A country with hope for the future is one in which each generation has higher expectations for their society than their predecessors had. This is why reform must match the expectations of the younger generations, which are currently becoming the most active part of the population. If reform is implemented too slowly and does not keep up with the hopes of younger people, disappointment could become widespread, and it will be difficult to motivate people to tackle and solve problems.
Also, the slow speed and inappropriateness of many existing reforms is creating legal gray areas. There are currently many situations in China where actual practice goes against what the law says. Many people are making their livings in this extralegal space.
Many who observe this situation criticize Chinese people for not having the habit of respecting the law. This is indeed a real issue. But in some situations, the real problem is that many of China’s laws and regulations are irrational. Let me give a small example. Mainland airlines tell passengers not to turn their phones on immediately after landing. And yet there are always many people who do exactly that. But when you’re on a Cathay Pacific or Cathay Dragon flight, this isn’t an issue — the moment these Hong Kong-run planes touch down, the crew informs passengers that they are, in fact, free to turn their phones on.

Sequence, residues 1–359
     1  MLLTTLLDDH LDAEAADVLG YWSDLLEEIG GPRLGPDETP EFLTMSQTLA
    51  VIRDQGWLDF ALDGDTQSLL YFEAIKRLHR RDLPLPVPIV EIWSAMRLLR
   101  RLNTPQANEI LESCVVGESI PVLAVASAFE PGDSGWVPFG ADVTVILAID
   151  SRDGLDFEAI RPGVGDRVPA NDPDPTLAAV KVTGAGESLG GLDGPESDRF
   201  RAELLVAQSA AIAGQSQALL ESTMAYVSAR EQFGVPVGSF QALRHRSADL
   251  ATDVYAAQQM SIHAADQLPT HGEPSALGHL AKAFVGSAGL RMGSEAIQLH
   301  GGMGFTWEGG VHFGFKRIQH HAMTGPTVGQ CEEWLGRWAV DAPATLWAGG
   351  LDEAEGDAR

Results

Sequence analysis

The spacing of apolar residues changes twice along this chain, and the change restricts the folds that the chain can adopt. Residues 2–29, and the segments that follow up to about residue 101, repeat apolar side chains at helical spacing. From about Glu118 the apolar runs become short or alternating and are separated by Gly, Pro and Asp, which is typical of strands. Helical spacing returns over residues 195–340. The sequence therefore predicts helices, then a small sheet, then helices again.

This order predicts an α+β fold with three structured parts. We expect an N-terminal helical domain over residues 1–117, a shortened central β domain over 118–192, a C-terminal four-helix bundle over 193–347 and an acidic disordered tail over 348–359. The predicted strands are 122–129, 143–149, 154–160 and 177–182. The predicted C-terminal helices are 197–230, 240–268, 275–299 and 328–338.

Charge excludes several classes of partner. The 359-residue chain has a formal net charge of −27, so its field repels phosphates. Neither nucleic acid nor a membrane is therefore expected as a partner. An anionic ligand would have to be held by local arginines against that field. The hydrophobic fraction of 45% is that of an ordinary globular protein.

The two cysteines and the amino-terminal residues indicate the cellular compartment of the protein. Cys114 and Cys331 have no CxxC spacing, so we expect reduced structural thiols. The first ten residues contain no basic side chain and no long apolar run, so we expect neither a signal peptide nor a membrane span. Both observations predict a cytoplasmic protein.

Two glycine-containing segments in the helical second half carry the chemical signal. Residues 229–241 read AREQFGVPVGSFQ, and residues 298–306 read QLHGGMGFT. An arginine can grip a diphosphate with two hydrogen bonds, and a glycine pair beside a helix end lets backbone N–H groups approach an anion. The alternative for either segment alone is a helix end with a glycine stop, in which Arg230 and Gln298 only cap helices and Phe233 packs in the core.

If there are no negative consequences to using phones on board a plane that has already landed, why don’t mainland airlines simply let their passengers do so? Likewise, there are currently many economic policies or laws that are very difficult to implement. People have no choice but to disobey the law in order to survive.